Finally, Alan Burnett, a co-producer alongside Timm on previous DC animation projects, takes his stab at writing a story about Deadshot. The Russian puts out a contract on Batman, and the natural choice of mercenary killer is Deadshot, a man with uncanny aim. The battle of skill and wits is fun to watch, even if this segment too is more about the graphics than the straightforward story being told.
And then the movie ends. This effort was certainly better than the Superman: Doomsday movie that started this line, but it also falls quite short of the greatness of Justice League: The New Frontier. The anthology nature of Gotham Knight obviously hampers it, with the individual segments offering lots of eyes candy but only a dash of brain candy. I enjoyed each segment for what it was, even if the total effect falls short of what The Animatrix achieved. No doubt the animators (and various artists) had fun, it is just that the stories are generally of a common type, little different from what we’ve seen from Batman before. The quirk of setting them in the “movie universe” makes this movie unique, while also preventing the writers from entering into more diverse territory. Several appearances by The Russian may have given the movie some consistency, but he is never more than a cartoon-ish gangster. The blood and violence in this PG-13 movie makes it unsuitable for children, but if designed for adults I would have appreciated a little more depth. Still, as a visceral experience and a showcase for some great animation, it’s still a must-see for Batman fans.
Is This Thing Loaded?
This movie came out in three different releases, with two different configurations of bonus features. The single-disc DVD comes with an Audio Commentary featuring DC executive Gregory Noveck, former Batman editor/writer Denny O’Neil, and voice actor Kevin Conroy. They offer a surprising amount of enjoyable comments about Batman, mixed in with less-interesting musings about the movie. The best part for me, though, was Conroy’s story of what happened when he was volunteering in a kitchen a week after 9/11. If for no other reason, listen to the commentary for that. Next, in order to promote the next DC animated movie, a Sneak Peek At Wonder Woman (10:26) featurette has been included. No actual animated footage is shown, but members of the creative team and the cast are interviewed, with plenty of storyboards and character sketches shown. I definitely look forward to this, which appears to be a fairly traditional retelling of the Wonder Woman origin story.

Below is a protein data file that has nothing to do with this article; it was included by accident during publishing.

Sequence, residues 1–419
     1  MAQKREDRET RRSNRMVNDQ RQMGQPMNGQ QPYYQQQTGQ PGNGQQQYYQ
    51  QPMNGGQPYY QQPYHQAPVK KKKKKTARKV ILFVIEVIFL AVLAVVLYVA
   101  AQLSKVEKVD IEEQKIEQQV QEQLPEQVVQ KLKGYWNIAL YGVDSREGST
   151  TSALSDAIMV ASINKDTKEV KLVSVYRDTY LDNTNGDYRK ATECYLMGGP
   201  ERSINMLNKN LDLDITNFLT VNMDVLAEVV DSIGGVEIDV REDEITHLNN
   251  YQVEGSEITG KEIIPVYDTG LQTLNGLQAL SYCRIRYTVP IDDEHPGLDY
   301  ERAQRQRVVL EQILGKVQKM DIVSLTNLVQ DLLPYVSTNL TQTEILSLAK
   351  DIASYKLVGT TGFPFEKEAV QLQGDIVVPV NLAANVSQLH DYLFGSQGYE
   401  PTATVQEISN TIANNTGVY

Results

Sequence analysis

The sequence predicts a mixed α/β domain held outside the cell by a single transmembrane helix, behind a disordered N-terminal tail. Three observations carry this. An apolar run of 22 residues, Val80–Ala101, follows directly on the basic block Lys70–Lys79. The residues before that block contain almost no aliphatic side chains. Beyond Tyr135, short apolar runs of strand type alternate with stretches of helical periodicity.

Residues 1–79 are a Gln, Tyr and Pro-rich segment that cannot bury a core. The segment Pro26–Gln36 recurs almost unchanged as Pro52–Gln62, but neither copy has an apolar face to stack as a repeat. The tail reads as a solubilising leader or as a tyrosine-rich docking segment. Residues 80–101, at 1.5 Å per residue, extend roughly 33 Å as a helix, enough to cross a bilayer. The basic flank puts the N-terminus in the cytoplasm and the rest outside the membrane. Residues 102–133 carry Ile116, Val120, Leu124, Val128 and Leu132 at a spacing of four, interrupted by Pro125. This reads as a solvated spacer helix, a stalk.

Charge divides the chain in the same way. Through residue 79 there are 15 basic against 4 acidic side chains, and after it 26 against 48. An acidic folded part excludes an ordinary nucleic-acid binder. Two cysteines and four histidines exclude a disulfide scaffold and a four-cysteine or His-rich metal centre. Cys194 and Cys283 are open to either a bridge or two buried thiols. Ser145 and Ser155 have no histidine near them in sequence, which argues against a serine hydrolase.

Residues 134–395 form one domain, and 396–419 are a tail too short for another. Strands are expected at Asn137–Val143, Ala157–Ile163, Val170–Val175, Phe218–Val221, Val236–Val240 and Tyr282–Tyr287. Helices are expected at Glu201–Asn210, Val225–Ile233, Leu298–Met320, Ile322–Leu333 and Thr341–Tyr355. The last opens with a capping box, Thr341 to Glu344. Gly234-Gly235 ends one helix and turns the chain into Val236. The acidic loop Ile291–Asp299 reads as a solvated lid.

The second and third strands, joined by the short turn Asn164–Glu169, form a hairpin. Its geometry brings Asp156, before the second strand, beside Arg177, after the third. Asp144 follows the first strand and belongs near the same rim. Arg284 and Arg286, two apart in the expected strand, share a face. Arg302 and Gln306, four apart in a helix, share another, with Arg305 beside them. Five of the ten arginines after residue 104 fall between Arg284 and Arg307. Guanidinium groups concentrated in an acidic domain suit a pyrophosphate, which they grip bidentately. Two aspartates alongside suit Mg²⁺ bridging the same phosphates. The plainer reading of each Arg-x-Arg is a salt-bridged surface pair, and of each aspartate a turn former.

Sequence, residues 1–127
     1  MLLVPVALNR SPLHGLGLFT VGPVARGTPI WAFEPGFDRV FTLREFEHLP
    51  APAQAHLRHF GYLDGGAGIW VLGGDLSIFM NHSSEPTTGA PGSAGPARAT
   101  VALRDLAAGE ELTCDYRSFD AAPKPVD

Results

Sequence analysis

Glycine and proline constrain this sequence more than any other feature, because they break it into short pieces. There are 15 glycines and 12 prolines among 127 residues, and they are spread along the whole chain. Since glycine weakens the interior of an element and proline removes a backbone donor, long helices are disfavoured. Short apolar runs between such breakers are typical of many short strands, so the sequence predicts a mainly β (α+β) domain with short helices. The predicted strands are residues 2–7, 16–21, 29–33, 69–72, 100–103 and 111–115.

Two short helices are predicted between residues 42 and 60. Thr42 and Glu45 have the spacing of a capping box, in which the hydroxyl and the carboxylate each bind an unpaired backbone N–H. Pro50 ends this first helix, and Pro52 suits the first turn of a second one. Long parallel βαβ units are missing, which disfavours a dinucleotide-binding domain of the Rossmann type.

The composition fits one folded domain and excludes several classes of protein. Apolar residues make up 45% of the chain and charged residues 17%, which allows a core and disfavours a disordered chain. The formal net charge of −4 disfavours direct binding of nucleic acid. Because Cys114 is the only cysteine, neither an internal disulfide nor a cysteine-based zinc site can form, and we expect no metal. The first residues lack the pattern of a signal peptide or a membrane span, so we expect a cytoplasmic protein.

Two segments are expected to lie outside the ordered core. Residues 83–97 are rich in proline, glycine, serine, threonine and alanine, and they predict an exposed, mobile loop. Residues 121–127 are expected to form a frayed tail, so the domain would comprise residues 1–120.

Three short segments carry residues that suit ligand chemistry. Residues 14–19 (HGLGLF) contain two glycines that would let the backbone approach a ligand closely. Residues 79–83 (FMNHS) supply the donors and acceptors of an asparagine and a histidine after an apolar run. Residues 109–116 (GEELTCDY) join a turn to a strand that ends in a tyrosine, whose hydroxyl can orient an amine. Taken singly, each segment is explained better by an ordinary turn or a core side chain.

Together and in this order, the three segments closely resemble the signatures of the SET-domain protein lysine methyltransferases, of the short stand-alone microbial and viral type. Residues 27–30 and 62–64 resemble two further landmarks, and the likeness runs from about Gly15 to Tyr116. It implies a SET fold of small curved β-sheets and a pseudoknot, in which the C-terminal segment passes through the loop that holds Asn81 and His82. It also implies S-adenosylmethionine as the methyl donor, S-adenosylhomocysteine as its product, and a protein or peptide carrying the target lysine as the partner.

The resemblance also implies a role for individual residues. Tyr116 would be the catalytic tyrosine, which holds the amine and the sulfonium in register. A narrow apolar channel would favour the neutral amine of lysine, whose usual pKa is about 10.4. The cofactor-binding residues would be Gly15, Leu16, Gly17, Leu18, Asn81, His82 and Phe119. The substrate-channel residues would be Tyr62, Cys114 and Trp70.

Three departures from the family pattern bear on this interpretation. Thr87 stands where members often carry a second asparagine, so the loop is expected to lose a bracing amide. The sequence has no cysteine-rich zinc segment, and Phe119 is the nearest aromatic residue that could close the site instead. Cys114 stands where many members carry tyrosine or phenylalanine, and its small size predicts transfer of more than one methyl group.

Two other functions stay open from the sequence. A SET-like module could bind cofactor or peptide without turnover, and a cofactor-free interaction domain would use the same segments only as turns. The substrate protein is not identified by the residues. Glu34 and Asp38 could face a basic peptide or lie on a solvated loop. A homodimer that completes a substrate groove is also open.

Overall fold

The two-disc set and the Blu-ray version both have a couple of more featurettes, and even on the Blu-ray version they are unfortunately in standard definition. Batman And Me, A Devotion To Destiny: The Bob Kane Story (38:25) is a nifty biography of the man who created Batman. Tom Andrae, who wrote a similarly titled biography on Kane a number of years ago, is the main speaker in this documentary. Mark Hamill and Stan Lee also share their admiration and affection while describing Kane. It’s amazing what gems sometimes can turn up on discs. This has nothing to do directly with the main feature, but it’s maybe the best part of the whole package. A Mirror For The Bat (35:47) features a group of DC writers and others discuss Batman’s rogues gallery of eccentric villains. Though there will be little here that is illuminating for the Batman expert, it does have a hefty length that makes for interesting viewing, particularly if you want to see what some of your favorite writers really look like.